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Chapter 14: Galvanic Cells

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An electrochemical cell is a system in which passage of an electric current through an electrical circuit is linked to an internal cell reaction.  A galvanic cell, or voltaic cell, is an electrochemical cell that, when isolated, has an electric potential difference between its terminals; the cell is said to be a seat of electromotive force.

The cell reaction in a galvanic cell differs in a fundamental way from the same reaction (i.e., one with the same reaction equation) taking place in a reaction vessel that is not part of an electrical circuit.  In the reaction vessel, the reactants and products are in the same phase or in phases in contact with one another, and the reaction advances in the spontaneous direction until reaction equilibrium is reached.  This reaction is the direct reaction.

 The galvanic cell, in contrast, is arranged with the reactants physically separated from one another so that the cell reaction can advance only when an electric current passes through the cell.  If there is no current, the cell reaction is constrained from taking place.  When the electrical circuit is open and the cell is isolated from its surroundings, a state of thermal, mechanical, and transfer equilibrium is rapidly reached.  In this state of cell equilibrium or electrochemical equilibrium, however, reaction equilibrium is not necessarily present—that is, if the reactants and products were moved to a reaction vessel at the same activities, there might be spontaneous advancement of the reaction.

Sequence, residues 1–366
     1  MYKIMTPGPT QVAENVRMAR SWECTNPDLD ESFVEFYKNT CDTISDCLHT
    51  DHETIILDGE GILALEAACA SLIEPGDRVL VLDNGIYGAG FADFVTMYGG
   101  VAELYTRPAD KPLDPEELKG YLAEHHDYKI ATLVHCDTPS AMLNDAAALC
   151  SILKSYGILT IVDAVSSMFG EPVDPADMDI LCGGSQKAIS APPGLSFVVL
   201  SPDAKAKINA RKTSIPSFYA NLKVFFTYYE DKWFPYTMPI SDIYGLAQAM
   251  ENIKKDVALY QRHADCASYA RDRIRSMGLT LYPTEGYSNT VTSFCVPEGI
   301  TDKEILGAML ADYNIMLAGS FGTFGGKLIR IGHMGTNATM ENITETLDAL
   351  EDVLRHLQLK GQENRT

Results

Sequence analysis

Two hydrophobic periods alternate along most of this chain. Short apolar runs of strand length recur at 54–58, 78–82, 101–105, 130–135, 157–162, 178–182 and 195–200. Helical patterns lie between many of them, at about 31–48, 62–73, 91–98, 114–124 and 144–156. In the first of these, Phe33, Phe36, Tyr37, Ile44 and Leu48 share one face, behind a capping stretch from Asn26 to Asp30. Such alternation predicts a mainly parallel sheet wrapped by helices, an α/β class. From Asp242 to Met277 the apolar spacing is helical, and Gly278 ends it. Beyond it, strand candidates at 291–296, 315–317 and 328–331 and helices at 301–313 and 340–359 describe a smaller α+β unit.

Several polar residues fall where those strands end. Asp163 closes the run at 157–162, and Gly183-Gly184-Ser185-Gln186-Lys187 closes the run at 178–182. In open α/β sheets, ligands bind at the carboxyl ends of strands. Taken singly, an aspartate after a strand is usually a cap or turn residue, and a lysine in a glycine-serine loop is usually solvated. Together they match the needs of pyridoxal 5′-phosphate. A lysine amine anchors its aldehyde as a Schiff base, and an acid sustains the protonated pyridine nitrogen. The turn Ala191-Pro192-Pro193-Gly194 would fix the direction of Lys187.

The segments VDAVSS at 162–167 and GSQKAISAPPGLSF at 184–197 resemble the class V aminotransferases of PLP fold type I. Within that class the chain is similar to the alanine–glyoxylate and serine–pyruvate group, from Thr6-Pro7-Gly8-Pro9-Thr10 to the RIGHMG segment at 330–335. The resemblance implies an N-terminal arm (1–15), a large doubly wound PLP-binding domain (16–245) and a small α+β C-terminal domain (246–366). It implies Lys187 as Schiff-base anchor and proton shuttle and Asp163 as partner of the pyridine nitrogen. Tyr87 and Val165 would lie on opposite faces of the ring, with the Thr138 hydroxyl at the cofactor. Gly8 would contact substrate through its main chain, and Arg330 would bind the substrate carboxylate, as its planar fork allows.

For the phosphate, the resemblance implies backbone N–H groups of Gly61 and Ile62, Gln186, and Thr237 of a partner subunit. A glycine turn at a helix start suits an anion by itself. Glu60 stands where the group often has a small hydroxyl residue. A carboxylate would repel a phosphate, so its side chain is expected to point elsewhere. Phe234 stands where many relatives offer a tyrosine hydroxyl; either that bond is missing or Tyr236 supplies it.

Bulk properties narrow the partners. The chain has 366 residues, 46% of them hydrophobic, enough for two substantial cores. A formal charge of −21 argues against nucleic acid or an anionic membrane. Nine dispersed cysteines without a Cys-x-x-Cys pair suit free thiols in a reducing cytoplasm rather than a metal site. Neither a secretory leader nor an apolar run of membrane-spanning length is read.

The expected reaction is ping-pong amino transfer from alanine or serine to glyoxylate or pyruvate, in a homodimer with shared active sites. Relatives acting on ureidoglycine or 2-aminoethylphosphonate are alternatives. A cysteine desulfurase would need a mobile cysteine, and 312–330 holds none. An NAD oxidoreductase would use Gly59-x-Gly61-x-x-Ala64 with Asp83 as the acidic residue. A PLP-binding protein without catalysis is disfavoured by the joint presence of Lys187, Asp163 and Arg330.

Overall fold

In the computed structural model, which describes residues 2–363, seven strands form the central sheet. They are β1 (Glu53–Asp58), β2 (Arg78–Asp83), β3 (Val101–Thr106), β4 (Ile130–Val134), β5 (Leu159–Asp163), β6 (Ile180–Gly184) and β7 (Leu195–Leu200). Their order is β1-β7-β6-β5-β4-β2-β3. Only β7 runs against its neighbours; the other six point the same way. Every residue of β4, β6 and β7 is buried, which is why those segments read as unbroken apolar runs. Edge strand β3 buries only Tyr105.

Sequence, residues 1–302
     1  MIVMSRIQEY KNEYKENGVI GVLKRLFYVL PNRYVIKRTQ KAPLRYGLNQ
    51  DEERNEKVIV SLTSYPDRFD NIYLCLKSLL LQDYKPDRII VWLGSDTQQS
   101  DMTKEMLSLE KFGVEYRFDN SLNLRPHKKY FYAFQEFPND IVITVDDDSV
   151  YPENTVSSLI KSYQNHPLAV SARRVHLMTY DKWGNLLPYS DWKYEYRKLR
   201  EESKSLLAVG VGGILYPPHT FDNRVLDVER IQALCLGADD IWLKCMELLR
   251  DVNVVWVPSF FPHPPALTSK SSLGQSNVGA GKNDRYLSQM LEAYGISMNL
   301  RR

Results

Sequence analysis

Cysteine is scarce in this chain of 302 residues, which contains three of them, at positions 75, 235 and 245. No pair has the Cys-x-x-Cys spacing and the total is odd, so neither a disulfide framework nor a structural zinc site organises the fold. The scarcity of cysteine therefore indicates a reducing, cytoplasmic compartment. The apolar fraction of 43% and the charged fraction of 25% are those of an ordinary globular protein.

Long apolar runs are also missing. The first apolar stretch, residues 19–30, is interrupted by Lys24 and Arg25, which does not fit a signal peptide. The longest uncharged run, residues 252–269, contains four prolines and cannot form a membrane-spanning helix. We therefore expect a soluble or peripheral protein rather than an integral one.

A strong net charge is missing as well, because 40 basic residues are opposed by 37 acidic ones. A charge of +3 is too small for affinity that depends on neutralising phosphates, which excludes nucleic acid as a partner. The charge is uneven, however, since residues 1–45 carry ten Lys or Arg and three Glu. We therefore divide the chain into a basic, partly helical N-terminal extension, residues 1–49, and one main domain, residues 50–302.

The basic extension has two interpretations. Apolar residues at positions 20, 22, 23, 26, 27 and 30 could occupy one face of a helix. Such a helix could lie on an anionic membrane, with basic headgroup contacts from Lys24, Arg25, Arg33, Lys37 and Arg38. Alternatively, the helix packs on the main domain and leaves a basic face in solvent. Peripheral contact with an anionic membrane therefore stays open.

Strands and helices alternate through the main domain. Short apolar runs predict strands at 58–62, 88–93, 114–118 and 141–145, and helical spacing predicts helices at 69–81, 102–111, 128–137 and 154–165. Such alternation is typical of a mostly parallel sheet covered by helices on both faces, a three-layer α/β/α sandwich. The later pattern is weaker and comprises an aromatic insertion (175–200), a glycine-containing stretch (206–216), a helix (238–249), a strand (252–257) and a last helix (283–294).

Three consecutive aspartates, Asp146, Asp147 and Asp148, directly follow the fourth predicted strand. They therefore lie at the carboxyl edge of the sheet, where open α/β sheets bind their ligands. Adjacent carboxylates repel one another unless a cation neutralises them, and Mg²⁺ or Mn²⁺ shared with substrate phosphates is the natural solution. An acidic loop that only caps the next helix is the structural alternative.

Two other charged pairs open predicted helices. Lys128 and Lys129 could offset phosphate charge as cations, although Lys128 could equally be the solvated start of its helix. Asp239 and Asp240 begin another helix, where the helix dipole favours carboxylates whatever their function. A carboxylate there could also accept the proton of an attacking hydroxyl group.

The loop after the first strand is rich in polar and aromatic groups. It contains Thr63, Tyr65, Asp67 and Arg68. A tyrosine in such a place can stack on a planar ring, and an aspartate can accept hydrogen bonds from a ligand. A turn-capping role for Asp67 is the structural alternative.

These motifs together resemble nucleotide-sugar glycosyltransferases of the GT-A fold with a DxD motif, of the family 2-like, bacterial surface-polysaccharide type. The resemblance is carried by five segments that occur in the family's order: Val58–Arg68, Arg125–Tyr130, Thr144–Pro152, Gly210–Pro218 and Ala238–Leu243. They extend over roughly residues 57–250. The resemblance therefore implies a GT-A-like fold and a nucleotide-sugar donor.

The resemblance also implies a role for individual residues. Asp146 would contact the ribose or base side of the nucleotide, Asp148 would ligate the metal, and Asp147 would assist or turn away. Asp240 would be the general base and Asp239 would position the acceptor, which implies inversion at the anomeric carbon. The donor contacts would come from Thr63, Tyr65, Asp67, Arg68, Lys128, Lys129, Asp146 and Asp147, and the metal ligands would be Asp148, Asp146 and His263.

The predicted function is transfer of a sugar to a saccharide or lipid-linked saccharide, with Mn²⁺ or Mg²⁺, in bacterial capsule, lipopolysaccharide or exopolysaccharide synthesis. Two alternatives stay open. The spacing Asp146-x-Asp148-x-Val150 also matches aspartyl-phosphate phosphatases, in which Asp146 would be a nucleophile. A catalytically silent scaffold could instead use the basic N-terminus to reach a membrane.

As will be shown, measurements of the cell potential of a galvanic cell are capable of yielding precise values of molar reaction quantities of the cell reaction and thermodynamic equilibrium constants, and of mean ionic activity coefficients in electrolyte solutions.

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